An evolutionary race: A comparison of genetic algorithms and particle swarm optimization used for training neural networks
This paper compares the performance of genetic algorithms (GA) and particle swarm optimization (PSO) when used to train artificial neural networks. The networks are used to control virtual racecars, with the aim of successfully navigating around a track in the shortest possible period of time. Each car is mounted with multiple straight-line distance sensors, which provide the input to the networks. The cars act as autonomous agents for the duration of the training run: they record the distance traveled and rely on this for fitness evaluations. Both evolutionary algorithms are well suited to this unsupervised learning task, and the networks learn to successfully navigate the course in a minimal number of generations. The paper shows that PSO is superior for this application: it trains networks faster and more accurately than GAs do, once properly optimized.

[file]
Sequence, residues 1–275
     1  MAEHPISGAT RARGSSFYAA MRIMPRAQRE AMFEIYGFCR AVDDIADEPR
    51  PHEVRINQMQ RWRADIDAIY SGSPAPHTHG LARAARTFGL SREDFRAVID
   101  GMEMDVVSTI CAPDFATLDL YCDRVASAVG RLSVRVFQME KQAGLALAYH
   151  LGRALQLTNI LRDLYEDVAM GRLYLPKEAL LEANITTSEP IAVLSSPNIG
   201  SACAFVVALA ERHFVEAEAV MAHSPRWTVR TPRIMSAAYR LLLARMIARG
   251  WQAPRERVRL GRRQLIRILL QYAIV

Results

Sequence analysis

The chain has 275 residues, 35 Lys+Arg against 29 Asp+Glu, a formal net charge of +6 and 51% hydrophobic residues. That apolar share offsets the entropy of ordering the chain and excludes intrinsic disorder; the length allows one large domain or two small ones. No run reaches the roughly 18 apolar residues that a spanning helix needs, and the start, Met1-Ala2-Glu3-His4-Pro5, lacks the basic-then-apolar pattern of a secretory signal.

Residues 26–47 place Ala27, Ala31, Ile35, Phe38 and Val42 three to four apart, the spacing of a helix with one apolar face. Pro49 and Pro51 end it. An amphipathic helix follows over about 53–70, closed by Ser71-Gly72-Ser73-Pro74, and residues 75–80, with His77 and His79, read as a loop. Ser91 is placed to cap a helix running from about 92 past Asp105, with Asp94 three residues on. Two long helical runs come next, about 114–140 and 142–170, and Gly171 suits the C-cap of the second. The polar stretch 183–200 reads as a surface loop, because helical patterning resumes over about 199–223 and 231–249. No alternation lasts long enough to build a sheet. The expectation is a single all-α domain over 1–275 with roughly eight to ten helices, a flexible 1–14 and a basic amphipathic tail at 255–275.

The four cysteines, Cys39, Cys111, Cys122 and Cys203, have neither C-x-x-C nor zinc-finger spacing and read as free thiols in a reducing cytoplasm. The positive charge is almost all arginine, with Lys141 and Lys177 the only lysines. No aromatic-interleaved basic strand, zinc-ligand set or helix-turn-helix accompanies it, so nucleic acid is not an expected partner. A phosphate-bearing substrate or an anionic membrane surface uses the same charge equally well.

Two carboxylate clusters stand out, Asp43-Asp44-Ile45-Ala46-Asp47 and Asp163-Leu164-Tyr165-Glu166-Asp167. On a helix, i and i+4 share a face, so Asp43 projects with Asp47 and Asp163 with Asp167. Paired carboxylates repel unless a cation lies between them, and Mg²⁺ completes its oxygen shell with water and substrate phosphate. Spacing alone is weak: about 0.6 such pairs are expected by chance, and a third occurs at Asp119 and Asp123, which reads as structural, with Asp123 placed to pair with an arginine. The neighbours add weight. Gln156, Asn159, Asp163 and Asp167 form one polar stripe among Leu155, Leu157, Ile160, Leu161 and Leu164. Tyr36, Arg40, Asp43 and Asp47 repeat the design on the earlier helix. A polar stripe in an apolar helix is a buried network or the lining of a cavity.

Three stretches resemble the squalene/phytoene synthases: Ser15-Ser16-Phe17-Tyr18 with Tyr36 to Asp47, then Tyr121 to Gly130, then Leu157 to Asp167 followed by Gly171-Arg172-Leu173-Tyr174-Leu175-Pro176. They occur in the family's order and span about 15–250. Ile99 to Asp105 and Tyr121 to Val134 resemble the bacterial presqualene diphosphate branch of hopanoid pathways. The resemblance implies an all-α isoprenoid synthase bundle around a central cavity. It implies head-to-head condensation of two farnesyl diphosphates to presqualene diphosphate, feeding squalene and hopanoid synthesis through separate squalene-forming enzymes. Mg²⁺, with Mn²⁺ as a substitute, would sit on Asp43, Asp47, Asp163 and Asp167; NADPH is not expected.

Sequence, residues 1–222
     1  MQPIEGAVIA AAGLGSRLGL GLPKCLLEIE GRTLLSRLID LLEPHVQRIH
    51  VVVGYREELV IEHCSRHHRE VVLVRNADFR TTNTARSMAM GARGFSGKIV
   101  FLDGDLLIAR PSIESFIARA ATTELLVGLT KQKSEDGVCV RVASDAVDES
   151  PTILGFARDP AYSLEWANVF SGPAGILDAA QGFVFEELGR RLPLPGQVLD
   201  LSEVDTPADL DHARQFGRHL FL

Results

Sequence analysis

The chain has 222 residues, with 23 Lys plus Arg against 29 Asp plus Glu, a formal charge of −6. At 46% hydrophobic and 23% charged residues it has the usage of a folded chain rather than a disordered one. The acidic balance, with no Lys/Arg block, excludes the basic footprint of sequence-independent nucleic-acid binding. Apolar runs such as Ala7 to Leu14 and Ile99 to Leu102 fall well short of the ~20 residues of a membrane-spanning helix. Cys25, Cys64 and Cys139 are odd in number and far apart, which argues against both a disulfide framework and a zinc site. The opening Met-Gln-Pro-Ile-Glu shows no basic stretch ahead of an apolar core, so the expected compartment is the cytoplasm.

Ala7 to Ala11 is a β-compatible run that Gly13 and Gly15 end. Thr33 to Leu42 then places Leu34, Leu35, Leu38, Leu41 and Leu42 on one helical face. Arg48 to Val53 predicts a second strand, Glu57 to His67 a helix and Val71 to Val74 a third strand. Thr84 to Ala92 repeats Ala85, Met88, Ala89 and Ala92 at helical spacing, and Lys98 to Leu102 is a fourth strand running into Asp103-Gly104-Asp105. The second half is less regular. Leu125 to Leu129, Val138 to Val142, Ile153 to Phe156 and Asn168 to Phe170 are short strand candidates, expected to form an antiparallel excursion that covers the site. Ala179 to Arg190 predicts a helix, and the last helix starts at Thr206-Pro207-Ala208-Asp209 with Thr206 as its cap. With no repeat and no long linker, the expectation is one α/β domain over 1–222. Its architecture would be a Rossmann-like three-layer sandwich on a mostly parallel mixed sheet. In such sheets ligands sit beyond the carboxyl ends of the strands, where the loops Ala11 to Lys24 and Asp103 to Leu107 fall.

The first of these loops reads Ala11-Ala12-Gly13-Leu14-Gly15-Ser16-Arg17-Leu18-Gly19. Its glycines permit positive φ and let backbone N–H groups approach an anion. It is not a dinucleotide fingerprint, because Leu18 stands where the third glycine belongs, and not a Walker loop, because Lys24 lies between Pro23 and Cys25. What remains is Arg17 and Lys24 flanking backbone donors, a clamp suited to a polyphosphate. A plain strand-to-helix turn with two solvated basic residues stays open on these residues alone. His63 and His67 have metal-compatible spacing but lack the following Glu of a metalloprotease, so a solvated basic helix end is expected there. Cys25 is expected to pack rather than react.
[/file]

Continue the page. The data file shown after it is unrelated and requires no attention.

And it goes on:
|Conference||Proceedings of the International Conference on Artificial Intelligence, IC-AI'04|
Clow, B. (Brian), & White, A. (2004). An evolutionary race: A comparison of genetic algorithms and particle swarm optimization used for training neural networks. In Proceedings of the International Conference on Artificial Intelligence, IC-AI'04 (pp. 582–588).